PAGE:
In Billund, Denmark, the fantasy of inhabiting a Lego house has become reality.
Earlier this October, Lego unveiled its new Lego House – a 130,000-square-foot building that is equal parts experimentation lab, prototype testing grounds, and shrine to the colorful bricks.
Here’s what it’s like inside.
Lego expects more than 250,000 people to visit the Lego House annually, as everything but the colored zones are free to the general public.
Admission to the entire Lego House is $31. The building also comes with three restaurants, outdoor seating, and a Lego store.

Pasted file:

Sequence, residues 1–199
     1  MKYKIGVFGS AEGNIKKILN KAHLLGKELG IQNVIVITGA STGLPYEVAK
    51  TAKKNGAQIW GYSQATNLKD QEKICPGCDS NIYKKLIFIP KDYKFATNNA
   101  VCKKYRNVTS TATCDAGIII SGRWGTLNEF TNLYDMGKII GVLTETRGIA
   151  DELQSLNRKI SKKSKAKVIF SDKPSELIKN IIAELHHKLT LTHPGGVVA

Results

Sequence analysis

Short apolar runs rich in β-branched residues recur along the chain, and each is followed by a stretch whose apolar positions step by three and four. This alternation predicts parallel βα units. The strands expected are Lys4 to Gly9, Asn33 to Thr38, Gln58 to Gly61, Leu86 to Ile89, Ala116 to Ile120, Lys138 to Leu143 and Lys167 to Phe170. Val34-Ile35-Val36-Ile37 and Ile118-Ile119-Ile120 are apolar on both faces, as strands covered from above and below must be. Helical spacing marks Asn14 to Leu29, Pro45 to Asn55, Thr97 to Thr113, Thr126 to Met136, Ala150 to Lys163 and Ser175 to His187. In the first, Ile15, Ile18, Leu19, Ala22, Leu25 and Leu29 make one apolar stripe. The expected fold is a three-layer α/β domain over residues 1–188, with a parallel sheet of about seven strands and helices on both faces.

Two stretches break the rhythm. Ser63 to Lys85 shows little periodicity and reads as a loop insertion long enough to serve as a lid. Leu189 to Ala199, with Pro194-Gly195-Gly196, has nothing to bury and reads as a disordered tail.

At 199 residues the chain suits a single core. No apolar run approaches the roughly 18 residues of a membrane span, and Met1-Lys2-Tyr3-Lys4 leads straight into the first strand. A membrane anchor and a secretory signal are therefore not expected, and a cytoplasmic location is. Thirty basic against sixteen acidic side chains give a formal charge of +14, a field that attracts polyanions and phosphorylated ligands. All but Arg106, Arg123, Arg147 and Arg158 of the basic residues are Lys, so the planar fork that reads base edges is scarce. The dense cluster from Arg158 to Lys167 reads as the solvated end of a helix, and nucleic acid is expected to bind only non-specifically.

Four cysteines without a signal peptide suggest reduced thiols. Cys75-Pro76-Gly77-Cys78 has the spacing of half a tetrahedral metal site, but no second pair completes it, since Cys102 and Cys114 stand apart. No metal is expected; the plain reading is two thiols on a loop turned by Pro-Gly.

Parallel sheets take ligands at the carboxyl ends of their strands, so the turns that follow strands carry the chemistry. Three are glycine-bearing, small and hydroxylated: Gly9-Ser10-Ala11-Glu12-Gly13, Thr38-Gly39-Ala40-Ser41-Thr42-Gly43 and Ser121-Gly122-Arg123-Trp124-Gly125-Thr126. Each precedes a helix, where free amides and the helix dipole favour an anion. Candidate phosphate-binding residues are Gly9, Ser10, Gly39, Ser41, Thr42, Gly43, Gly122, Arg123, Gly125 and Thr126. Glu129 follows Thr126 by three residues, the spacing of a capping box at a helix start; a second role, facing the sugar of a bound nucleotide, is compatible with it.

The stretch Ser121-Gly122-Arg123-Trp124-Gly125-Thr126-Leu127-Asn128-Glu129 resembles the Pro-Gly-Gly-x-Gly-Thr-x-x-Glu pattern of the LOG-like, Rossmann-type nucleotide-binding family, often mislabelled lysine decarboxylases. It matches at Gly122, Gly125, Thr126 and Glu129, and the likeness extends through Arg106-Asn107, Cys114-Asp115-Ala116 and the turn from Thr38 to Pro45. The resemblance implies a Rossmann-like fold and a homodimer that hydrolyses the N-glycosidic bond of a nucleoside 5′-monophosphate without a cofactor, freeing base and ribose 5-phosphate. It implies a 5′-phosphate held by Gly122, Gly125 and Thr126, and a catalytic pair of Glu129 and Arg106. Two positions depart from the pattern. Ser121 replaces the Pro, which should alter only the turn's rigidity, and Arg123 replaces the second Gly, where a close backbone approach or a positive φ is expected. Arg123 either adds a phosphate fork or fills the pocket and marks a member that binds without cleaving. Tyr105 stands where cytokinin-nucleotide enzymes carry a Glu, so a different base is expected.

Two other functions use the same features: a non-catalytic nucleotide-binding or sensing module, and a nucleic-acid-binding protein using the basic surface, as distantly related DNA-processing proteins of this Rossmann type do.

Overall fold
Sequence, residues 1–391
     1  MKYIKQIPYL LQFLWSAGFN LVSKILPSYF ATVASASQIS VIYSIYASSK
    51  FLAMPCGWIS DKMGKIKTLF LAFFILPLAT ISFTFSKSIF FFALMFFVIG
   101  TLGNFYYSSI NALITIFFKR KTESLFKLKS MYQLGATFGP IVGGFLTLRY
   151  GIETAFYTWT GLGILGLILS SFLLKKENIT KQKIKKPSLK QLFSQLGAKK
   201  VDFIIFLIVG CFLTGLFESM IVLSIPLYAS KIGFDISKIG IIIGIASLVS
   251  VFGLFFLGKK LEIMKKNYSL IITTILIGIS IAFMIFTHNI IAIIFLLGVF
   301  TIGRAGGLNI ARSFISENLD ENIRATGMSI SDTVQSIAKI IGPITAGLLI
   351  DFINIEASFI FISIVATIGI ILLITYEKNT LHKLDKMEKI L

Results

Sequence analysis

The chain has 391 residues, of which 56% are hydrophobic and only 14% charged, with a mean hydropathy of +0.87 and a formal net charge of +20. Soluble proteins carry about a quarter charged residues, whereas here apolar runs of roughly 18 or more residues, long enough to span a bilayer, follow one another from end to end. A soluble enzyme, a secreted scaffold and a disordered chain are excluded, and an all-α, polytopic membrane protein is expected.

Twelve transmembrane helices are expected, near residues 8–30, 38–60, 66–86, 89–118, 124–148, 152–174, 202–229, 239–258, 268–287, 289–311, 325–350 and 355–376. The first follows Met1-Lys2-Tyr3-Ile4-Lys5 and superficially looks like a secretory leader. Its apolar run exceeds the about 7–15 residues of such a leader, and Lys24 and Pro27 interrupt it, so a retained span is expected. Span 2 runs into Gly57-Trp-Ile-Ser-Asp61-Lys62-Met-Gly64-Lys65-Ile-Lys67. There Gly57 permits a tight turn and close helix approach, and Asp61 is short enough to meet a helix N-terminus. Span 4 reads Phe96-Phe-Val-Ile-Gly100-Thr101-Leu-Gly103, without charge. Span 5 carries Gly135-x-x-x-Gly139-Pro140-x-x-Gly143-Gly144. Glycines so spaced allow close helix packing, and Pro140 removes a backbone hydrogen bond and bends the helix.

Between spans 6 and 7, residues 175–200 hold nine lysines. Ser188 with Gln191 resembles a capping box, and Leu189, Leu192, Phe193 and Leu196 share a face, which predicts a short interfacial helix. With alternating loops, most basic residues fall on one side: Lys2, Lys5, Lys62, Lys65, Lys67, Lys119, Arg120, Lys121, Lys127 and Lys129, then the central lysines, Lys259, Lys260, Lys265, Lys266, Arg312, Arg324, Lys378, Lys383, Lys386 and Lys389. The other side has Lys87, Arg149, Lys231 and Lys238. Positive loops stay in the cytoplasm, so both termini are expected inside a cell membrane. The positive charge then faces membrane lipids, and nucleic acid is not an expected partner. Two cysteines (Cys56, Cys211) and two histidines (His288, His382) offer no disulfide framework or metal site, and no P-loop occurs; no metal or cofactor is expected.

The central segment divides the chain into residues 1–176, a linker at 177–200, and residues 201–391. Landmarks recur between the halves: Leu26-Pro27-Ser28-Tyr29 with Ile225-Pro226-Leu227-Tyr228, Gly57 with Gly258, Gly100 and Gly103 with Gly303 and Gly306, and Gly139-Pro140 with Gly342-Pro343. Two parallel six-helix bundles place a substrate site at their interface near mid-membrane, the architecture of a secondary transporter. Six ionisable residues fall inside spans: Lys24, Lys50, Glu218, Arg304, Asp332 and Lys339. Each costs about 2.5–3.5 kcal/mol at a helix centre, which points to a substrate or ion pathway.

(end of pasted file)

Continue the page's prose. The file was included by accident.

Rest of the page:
Lego even has a name for the adults who make the grown-up trek to Billund. They are AFoLs, or Adult Fans of Lego.
There is even an underground vault that contains 500 of the most treasured Lego sets from the past 50 years. Visitors can browse through the sets and take a virtual trip through time.
The stairs lead to the third-floor Masterpiece Gallery, a sprawling room located beneath eight skylights made in the image of Lego connector studs.
Inside the Masterpiece Gallery are handfuls of intricate designs, all employing the original 2 x 4 brick. The centerpieces are three 10-foot-tall dinosaurs standing before their respective Lego dinosaur eggs.
From the gallery, people can also access the roof to get panoramic views of the city.